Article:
Every Christmas with my family in recent memory, the conversation around the dinner table has been the same. It begins with how good it is to see each other, proceeds to a thorough commendation of the food and settles in (over Irish cream and desserts) to a lively debate about politics or current events. Somewhere in the middle though, someone will make an idle, only half-joking comment. “You know, for what we spend on Christmas, we could take a Caribbean vacation…”
After years of idle comments, this year we decided to take the plunge. We would forgo the gifts, decorations, traditional meals and other seasonal expenses in favour of a sunny beach and ocean surf. For a naturalist like me, this was excellent news! What I lack in sentimentality I certainly make up for in birder-mentality, and a week in the Dominican Republic promised a handful of new species I couldn’t wait to see.
Palmchat (Dulus dominicus) – the national bird of the Dominican Republic.
Tempering my enthusiasm somewhat was my general uneasiness about all-inclusive resorts. I don’t particularly enjoy being waited on, eating too much or lounging on the beach, so needless to say this is not my preferred way to travel. “The experience is only as good or bad as you make it,” I convinced myself though, and a look at the resort via Google Earth revealed that it was reasonably remote, and bordered by scrub forest and a promising-looking river. I resolved that I would make this trip work for me, and not let my reservations drag me down.
Despite my positive attitude, my first day at the hotel reminded me why I had been concerned. The maps that I had checked were clearly out of date, and the once-remote resort was now located in the middle of a massive condo development. The recently cleared lots stretched to the horizon, and only a few remnant patches of scrub remained by the roadsides. The river that had appeared so full of potential had been completely diverted to irrigate a golf course.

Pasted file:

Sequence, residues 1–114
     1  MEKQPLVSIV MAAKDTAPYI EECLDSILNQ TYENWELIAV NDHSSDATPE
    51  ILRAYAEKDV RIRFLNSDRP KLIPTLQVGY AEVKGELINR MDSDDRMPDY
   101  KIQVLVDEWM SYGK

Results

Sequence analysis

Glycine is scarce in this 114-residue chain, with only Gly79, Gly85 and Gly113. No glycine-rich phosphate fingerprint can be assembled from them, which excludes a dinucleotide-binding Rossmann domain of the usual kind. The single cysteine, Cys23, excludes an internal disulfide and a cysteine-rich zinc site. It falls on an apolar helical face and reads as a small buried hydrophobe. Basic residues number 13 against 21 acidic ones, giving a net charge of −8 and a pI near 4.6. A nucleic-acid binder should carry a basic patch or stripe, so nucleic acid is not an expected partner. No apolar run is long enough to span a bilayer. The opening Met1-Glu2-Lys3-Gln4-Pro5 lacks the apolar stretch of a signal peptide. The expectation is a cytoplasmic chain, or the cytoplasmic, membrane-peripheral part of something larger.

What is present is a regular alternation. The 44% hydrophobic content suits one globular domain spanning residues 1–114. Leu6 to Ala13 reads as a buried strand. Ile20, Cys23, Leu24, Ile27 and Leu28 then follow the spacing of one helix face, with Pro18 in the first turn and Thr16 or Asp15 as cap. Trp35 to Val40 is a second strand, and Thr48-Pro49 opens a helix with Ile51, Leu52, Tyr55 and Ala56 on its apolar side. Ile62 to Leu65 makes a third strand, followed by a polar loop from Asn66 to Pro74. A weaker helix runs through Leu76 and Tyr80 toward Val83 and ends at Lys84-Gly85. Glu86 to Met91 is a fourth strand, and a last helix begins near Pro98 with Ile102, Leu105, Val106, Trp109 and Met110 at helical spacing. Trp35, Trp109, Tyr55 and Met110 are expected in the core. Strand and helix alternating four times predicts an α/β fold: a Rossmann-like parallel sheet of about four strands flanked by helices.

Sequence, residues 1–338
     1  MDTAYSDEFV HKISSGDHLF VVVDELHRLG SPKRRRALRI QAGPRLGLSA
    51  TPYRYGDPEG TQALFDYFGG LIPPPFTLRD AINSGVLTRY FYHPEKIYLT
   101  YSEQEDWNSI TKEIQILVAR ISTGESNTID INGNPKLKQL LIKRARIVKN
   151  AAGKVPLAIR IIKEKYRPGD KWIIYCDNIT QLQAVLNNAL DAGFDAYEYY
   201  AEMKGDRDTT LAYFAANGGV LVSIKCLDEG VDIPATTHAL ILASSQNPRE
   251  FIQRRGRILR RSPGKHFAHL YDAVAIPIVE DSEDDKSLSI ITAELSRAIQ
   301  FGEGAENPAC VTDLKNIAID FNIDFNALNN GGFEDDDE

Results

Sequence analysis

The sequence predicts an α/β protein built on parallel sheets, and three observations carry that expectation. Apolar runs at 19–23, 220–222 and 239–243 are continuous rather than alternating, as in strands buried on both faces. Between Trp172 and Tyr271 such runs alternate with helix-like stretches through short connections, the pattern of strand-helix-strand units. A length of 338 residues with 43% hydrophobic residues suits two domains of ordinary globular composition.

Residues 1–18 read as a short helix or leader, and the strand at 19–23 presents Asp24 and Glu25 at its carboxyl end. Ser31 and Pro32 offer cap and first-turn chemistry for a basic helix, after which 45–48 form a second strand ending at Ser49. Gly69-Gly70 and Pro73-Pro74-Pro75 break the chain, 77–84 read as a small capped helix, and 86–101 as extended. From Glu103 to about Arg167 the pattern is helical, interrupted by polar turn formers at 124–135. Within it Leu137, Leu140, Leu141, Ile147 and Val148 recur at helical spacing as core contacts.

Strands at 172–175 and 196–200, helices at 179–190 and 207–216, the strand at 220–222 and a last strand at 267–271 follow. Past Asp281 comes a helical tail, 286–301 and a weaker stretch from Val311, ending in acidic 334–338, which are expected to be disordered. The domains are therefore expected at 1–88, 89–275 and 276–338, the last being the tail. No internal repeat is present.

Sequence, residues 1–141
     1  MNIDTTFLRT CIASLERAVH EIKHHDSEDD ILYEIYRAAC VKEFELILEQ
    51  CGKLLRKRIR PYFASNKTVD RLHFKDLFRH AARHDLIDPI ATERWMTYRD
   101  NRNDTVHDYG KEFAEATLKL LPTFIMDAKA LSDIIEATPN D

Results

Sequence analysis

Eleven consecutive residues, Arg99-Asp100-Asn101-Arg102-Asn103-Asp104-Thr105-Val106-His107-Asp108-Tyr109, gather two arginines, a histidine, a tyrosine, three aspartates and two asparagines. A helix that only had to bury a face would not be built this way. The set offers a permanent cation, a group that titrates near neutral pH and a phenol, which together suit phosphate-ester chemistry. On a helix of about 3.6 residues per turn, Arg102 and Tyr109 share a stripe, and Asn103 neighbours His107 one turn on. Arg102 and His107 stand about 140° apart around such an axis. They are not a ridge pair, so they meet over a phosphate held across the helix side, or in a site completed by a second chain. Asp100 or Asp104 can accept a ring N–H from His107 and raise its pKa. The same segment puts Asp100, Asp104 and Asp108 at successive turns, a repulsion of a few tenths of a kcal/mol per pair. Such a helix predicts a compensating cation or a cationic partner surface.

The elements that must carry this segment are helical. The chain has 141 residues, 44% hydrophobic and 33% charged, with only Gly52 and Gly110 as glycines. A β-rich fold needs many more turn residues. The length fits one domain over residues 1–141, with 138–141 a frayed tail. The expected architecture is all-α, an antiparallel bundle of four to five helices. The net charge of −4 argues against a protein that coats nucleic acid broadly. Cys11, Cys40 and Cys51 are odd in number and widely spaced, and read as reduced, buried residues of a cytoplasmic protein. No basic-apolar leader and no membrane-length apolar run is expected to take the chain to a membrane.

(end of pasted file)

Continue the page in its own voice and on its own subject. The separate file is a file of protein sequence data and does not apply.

Ruddy Turnstones (Arenaria interpres) – wintering shorebirds
(watch for us in Ontario this spring!).
For me, the experience was a stark reminder of the importance of considering the way we choose to travel. As North Americans or Europeans (the clientele of this development consisted heavily of both) we have the capacity to travel throughout the world, but we frequently fail to think about the impacts of our explorations on the local people, culture and environment. Sometimes these impacts are subtle or difficult to see. Sometimes, as in this instance, they are not.
Standing amidst the chaos, I knew that I was undeniably part of the problem. As a paying customer of the resort I was supporting the surrounding development, and the growth of an industry with which I disagreed. It was disturbing to see that these resorts make a business out of sheltering the tourists from their surroundings, while at the same time convincing them that they are having a genuine cultural or natural experience.
Zebra Longwing (Heliconius charitonius) – a striking butterfly common
throughout the neotropics.
It is not my intent to vilify all-inclusive resorts as a whole, and certainly some are better or worse than others. I do hope that travelers begin to think carefully about the impacts of their chosen modes of travel, and the current rise in popularity of ecotourism seems to suggest this is already happening. Responsible travel means less impact on the local culture and ecosystem, less worry and guilt for the traveler, and a more positive experience for everyone.
~ Kyle Horner